Welcome to The Queue — your daily distraction of curated video content sourced from across the web. Today, we’re watching a video essay about the gentle editing of Kelly Reichardt‘s First Cow.
When I hear the phrase “movies by women are so much…softer,” something inside me breaks. My mind starts to race with any number of unabashedly brutal female-directed films: Claire Denis’ Trouble Every Day, Melina Matsoukas’ Queen & Slim, Laure de Clermont-Tonnerre’s The Mustang…the list goes on and on. The implication that softness is an inalienably (and unavoidably) feminine lens is troublesome. Least of all because it minimizes (or takes for granted) when female directors do actively deploy a gentle touch with purpose.
Few directors (female or otherwise) intentionally wield softness quite like Kelly Reichardt. And her latest film, First Cow, is a sublimely soothing example of her ability to harness compassion for narrative impact. The film is a meditative neo-Western set in the Pacific Northwest frontier. It tells of two friends trying to “make it” in America: Otis “Cookie” Figowitz (John Magaro), an unassuming chef, and King-Lu (Orion Lee), an aspiring farmer on the run for murder.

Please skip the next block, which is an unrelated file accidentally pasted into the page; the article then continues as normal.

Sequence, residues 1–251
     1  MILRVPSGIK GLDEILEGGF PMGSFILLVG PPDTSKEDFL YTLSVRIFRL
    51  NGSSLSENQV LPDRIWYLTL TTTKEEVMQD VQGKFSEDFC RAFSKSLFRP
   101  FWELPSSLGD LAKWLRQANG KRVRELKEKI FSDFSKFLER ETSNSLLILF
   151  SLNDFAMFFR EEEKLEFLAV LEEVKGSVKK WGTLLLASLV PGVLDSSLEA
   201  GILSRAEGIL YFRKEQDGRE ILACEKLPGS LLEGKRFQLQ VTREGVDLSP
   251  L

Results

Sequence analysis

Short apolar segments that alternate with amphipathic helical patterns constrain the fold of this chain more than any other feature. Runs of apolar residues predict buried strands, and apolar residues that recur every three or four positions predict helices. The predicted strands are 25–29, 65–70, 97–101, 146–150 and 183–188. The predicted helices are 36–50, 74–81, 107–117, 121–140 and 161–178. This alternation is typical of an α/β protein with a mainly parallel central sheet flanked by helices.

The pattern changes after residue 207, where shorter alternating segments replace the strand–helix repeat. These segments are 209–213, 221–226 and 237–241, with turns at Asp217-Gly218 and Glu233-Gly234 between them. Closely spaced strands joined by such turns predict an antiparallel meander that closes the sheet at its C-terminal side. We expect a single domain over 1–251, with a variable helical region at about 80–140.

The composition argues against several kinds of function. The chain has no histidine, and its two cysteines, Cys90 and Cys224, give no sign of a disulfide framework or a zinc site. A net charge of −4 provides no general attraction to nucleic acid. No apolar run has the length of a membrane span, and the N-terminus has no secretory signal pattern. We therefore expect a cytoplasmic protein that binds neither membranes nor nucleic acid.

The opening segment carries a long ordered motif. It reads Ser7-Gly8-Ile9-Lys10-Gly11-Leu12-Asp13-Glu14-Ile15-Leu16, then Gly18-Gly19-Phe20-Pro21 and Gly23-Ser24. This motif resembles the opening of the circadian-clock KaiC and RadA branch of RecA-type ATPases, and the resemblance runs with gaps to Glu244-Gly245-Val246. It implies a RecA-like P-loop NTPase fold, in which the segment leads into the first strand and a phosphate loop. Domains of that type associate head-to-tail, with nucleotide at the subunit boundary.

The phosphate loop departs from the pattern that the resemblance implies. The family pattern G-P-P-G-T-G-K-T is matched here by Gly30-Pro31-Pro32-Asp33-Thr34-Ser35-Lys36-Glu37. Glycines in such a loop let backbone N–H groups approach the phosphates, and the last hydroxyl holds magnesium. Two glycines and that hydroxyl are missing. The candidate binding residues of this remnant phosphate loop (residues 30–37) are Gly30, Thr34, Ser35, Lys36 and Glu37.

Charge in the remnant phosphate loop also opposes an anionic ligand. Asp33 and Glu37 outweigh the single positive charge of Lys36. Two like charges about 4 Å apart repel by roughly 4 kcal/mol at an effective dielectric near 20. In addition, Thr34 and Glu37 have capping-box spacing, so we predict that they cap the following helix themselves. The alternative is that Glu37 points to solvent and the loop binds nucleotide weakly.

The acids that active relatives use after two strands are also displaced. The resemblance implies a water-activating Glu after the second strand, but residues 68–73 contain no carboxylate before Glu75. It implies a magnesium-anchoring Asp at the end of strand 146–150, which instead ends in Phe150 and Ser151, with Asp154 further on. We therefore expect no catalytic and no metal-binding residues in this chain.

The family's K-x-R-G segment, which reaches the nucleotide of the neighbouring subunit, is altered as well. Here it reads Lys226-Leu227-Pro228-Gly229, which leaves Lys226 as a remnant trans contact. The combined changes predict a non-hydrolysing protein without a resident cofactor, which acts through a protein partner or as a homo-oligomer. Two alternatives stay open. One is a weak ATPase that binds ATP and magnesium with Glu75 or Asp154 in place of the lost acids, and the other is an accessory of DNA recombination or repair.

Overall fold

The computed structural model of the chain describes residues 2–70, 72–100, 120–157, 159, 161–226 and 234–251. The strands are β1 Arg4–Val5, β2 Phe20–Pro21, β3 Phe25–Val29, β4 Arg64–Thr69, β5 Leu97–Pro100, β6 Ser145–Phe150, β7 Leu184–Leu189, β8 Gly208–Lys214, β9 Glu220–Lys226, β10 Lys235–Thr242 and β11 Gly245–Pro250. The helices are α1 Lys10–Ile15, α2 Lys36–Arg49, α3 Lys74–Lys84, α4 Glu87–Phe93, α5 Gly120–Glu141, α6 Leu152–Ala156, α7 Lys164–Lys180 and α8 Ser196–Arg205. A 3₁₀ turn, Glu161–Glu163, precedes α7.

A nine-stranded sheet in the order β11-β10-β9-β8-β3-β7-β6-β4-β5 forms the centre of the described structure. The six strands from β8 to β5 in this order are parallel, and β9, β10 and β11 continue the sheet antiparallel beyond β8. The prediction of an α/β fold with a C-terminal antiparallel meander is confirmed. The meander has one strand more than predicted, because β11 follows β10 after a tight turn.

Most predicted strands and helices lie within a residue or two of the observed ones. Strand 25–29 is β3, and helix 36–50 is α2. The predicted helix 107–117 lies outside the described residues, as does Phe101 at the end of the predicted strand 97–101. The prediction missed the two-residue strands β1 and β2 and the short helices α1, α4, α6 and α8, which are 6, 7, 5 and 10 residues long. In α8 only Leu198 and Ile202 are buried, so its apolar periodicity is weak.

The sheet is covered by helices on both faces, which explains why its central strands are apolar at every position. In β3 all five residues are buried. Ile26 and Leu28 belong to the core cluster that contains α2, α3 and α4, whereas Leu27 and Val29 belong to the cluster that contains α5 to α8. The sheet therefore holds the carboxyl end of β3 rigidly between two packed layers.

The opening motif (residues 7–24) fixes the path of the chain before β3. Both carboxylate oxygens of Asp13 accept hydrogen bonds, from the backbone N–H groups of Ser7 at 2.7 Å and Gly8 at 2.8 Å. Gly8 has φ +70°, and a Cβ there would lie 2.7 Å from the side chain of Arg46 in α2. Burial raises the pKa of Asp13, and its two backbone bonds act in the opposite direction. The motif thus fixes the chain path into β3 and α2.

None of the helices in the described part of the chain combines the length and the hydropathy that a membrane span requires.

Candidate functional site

From William Tyler‘s folksy score to Magaro’s absorbingly quiet lead performance, every ounce of First Cow works towards its gentle gait. And as the video essay below explains, that same temperance is enacted in the edit, which was conducted by Reichardt herself. The essay unpacks what she accomplishes by allowing shots to linger and by frequently focusing our attention on background characters and the periphery. Ultimately, the result is a Western steeped in compassion and context rarely afforded to the genre.
Watch “The Gentle Brilliance of First Cow’s Editing“: